Sunday, October 16, 2011

Done with Ophelia, on with Juliet

Finished painting of Ophelia.Ophelia is finally done, varnished and ready to hang. I am going to submit her and Xaipe to the Exhibition at Industria Studios entitled Mirror, Myself: A Self Portrait. We'll see what happens.

I've decided to continue on this theme of Shakespearean women. Next in line is the well-known tragic figure of Juliet. I did a preliminary sketch yesterday and thought I'd show it to those interested. In this next painting, I'm not going to focus on her death, but on the morning she has to say her last goodbye to Romeo. He is not in the scene, but has just left out the window, and as she stares regretfully at the eastern horizon, a lark alights on the windowsill. Shakespeare's star-crossed lovers "argue" about the lark, and&emdash;as always&emdash;I never forget to include a highly symbolic bird:
Sketch of Juliet looking out the window at the dawn light.
"Juliet: 'Wilt thou be gone? It is not yet near day./ It was the nightingale, and not the lark,/ That pierced the fearful hollow of thine ear;/ Nightly she sings on yond pomegranate tree./ Believe me love, it was the nightingale.'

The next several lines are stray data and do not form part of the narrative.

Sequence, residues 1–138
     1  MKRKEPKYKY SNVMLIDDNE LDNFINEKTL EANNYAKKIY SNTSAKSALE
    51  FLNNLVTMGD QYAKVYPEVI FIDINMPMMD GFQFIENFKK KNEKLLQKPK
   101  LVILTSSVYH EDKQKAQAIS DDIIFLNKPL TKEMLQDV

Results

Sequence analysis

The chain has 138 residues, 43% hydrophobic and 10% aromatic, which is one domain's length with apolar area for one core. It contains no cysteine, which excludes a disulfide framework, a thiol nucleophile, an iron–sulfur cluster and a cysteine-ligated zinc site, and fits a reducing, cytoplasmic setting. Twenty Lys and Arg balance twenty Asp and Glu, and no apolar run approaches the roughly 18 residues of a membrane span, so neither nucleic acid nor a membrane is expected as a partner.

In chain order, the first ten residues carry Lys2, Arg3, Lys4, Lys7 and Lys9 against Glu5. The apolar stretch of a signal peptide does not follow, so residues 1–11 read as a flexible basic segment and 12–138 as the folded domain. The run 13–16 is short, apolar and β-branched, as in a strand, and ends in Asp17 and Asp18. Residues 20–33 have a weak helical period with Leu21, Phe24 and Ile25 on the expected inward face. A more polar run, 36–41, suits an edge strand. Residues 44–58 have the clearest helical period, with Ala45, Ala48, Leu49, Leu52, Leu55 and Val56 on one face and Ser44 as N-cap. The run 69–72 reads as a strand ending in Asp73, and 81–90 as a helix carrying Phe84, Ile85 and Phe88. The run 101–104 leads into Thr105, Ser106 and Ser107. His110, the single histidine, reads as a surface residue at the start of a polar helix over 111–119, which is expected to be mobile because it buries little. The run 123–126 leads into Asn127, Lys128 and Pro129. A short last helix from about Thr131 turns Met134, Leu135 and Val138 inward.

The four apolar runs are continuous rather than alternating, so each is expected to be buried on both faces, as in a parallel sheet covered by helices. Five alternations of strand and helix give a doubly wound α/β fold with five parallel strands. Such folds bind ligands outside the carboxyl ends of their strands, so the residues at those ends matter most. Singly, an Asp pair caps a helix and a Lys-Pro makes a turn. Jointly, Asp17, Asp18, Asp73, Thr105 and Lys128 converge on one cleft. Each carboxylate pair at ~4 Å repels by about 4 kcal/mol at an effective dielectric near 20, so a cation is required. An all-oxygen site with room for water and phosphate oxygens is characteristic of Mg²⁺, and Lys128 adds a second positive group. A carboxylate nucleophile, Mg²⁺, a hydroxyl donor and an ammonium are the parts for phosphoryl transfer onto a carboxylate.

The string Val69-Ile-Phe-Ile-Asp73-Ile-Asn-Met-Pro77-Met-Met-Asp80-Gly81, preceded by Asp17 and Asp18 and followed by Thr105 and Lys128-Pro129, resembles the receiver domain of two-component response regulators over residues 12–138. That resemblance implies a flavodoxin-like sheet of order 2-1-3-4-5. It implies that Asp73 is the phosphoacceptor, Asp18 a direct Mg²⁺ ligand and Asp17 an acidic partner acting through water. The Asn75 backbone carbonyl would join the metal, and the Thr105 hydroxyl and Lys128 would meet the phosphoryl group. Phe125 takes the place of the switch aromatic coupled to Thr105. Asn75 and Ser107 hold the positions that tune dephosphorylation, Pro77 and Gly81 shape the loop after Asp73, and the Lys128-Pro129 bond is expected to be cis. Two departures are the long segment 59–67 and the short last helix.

"Romeo: 'It was the lark, the herald of the morn,/ No nightingale. Look, love, what envious streaks/ Do lace the severing clouds in yonder east./ Night's candles are burnt out, and jocund day/ Stands tiptoe on the misty mountain tops./ I must be gone and live, or stay and die.'"

After Romeo expresses his will to stay and die because Juliet wants him to stay, Juliet gives in and presses him to leave:

"Juliet: '...It is the lark that sings so out of tune,/ Straining harsh discords and unpleasing sharps./ Some say the lark makes sweet division;/ This doth not so, for she divideth us.'"

Tuesday, August 09, 2011

Moving Right Along

Ophelia is moving right along and I have two more progress pictures to share. I've paingted in her hand, the robin and her hair; I've also given her a dark red dress to compliment the warm red on the robin's breast.